The Wyoming Tribune Eagle, Michael Smith, Associated Press
CHEYENNE, Wyo. — Conservatives who say welfare recipients should have to pass a drug test to receive government assistance have momentum on their side.
The issue has come up in the Republican presidential campaign, with front-runner Mitt Romney saying it's an "excellent idea."
Nearly two dozen states are considering plans this session that would make drug testing mandatory for welfare recipients, according to the National Conference of State Legislatures. And Wyoming lawmakers advanced such a proposal this week.
Driving the measures is a perception that people on public assistance are misusing the funds and that cutting off their benefits would save money for tight state budgets — even as statistics have largely proved both notions untrue.
"The idea, from Joe Taxpayer is, 'I don't mind helping you out, but you need to show that you're looking for work, or better yet that you're employed, and that you're drug and alcohol free,'" said Wyoming Republican House Speaker Ed Buchanan on Friday.
Supporters are pushing the measures despite warnings from opponents that courts have struck down similar programs, ruling that the plans amount to an unconstitutional to search of people who have done nothing more than seek help.
"This legislation assumes suspicion on this group of people. It assumes that they're drug abusers," said Wyoming Democratic Rep. Patrick Goggles during a heated debate on the measure late Thursday.
The proposals aren't new, according to the NCSL. About three dozen states have taken up such measures over the years.
But as lawmakers seek new ways to fight off the effect of the recession on state budgets and Republican politics dominate the national discussion as the party seeks a presidential nominee, the idea has sparked political debates across the nation.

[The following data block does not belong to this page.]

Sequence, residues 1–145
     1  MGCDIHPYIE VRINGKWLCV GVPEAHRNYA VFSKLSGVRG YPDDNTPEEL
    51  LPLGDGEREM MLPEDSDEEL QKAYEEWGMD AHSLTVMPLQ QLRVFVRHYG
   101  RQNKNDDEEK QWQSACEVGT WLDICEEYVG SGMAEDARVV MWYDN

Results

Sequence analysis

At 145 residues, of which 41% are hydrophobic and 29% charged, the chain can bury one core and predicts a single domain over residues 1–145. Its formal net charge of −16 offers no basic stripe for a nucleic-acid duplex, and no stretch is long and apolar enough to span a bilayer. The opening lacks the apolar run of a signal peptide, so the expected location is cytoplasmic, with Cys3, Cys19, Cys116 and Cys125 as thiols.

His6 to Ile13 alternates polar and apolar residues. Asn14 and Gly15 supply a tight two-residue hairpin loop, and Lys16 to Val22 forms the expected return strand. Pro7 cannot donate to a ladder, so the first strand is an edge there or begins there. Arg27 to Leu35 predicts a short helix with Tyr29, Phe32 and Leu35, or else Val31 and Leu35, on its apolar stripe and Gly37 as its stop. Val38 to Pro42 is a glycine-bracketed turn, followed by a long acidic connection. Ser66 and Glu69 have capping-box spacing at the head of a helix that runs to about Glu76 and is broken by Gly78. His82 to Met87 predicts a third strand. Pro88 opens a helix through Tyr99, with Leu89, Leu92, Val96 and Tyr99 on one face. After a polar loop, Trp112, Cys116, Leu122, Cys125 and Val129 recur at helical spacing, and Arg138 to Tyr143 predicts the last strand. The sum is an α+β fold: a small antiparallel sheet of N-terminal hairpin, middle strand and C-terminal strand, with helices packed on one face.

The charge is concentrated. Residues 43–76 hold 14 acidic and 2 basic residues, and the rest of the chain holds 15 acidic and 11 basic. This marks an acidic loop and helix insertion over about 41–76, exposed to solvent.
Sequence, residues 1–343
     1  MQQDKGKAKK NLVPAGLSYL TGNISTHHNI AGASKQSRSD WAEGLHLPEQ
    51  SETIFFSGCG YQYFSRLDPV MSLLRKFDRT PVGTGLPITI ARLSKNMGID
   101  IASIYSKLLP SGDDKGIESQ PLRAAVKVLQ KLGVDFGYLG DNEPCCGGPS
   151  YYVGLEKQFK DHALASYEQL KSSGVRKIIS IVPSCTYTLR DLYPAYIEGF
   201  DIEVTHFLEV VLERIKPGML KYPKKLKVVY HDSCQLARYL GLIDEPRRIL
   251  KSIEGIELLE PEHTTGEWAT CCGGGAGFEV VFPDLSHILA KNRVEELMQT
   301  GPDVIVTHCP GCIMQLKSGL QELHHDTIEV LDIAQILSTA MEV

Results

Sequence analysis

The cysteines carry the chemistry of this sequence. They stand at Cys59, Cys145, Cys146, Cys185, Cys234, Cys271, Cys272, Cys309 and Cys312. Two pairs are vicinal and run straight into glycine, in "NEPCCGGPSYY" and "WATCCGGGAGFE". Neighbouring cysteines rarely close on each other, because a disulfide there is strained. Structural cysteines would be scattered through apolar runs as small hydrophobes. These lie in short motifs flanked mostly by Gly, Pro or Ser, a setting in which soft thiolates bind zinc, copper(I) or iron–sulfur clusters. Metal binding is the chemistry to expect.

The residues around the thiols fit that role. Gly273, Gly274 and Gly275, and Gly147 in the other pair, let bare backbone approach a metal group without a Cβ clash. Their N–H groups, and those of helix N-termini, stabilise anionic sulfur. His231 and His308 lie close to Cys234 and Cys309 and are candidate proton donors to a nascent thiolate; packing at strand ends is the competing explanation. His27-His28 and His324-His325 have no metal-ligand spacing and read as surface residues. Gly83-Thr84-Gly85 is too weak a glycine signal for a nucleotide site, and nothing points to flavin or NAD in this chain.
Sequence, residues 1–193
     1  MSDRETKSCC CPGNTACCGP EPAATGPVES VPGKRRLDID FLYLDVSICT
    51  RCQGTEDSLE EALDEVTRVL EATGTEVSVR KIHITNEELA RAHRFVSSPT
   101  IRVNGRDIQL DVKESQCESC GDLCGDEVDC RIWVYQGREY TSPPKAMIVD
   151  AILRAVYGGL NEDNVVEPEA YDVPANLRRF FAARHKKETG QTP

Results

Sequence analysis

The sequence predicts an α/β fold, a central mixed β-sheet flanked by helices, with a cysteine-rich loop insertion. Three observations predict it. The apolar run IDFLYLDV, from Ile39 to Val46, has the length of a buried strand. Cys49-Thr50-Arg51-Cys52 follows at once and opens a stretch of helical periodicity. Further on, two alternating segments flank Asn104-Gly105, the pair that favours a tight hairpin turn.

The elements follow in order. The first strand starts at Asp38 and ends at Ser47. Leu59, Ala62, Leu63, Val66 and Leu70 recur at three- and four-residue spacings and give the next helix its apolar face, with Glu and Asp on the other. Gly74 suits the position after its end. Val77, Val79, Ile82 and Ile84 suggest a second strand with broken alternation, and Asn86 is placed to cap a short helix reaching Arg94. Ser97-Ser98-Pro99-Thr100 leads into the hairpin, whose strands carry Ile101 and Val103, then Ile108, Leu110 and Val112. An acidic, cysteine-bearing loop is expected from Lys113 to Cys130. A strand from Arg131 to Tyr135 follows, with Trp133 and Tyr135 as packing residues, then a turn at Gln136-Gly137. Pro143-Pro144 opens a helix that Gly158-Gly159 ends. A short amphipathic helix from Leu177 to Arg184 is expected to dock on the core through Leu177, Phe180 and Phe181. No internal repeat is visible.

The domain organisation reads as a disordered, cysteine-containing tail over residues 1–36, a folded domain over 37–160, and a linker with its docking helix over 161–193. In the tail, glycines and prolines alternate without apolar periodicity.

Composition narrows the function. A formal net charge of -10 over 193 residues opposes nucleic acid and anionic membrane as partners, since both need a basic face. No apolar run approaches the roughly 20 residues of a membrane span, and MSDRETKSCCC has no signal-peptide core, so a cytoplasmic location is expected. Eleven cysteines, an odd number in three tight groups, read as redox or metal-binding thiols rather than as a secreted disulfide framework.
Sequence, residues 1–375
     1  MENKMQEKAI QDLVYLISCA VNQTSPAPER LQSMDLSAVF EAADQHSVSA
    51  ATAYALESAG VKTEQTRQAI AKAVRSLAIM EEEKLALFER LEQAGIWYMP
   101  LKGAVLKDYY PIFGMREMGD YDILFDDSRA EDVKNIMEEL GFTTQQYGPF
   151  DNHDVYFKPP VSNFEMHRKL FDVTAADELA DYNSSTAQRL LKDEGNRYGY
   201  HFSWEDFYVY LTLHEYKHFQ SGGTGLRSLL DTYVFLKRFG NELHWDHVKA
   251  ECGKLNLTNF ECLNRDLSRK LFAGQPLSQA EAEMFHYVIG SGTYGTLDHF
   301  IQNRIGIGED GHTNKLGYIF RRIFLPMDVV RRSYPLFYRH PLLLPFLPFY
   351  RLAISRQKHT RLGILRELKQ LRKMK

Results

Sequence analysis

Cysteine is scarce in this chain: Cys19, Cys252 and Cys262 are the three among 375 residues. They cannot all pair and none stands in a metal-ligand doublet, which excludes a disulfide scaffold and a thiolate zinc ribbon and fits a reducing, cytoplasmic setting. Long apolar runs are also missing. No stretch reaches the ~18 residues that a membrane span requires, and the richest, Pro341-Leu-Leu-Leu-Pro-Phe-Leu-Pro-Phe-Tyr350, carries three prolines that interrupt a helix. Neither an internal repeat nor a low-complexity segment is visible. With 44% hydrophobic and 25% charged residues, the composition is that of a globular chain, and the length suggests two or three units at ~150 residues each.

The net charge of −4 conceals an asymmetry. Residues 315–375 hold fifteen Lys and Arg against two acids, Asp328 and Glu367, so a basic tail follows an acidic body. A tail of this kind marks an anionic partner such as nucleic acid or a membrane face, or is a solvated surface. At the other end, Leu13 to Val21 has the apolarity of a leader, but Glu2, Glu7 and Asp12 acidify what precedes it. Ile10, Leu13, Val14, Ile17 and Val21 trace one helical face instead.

This year conservative lawmakers in 23 states from Wyoming to Mississippi — where lawmakers want random screening to include nicotine tests — are moving forward with proposals of their own.
Romney, in an interview this month in Georgia, supported the idea. "People who are receiving welfare benefits, government benefits, we should make sure they're not using those benefits to pay for drugs," Romney said to WXIA-TV in Atlanta.
Newt Gingrich addressed the topic with Yahoo News in November, saying he considered testing as a way to curb drug use and lower related costs to public programs.
"It could be through testing before you get any kind of federal aid — unemployment compensation, food stamps, you name it," he said.
In Idaho, budget analysts last year concluded that such a program would cost more money than it would save, prompting lawmakers to ditch the idea.
Also, recent federal statistics indicate that welfare recipients are no more likely to abuse drugs than the general population.
Data show that about 8 percent of the population uses drugs. And before a random drug testing program in Michigan was put on hold by a court challenge, about 8 percent of its public assistance applicants tested positive.
In years past such legal challenges had a chilling effect on state legislatures, but that seems to have thawed.
Michigan's program was halted after five weeks in 1999, eventually ending with an appeals court ruling that it was unconstitutional.
For more than a decade, no other state moved to implement such a law.
"The biggest piece that has held up action now and in the past are the constitutional questions," said Rochelle Finzel, the Children and Families Program manager at the NCSL.
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